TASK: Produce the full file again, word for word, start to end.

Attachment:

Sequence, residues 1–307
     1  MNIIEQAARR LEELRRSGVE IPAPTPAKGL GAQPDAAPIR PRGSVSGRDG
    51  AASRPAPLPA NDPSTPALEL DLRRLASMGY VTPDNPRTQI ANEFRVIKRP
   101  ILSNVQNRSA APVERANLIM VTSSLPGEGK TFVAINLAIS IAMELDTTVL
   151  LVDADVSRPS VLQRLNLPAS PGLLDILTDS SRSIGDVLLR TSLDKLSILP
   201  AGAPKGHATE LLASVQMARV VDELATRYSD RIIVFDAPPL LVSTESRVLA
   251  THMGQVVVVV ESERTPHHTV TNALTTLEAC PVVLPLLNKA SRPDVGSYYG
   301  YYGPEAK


Sequence, residues 1–307
     1  MNIIEQAARR LEELRRSGVE IPAPTPAKGL GAQPDAAPIR PRGSVSGRDG
    51  AASRPAPLPA NDPSTPALEL DLRRLASMGY VTPDNPRTQI ANEFRVIKRP
   101  ILSNVQNRSA APVERANLIM VTSSLPGEGK TFVAINLAIS IAMELDTTVL
   151  LVDADVSRPS VLQRLNLPAS PGLLDILTDS SRSIGDVLLR TSLDKLSILP
   201  AGAPKGHATE LLASVQMARV VDELATRYSD RIIVFDAPPL LVSTESRVLA
   251  THMGQVVVVV ESERTPHHTV TNALTTLEAC PVVLPLLNKA SRPDVGSYYG
   301  YYGPEAK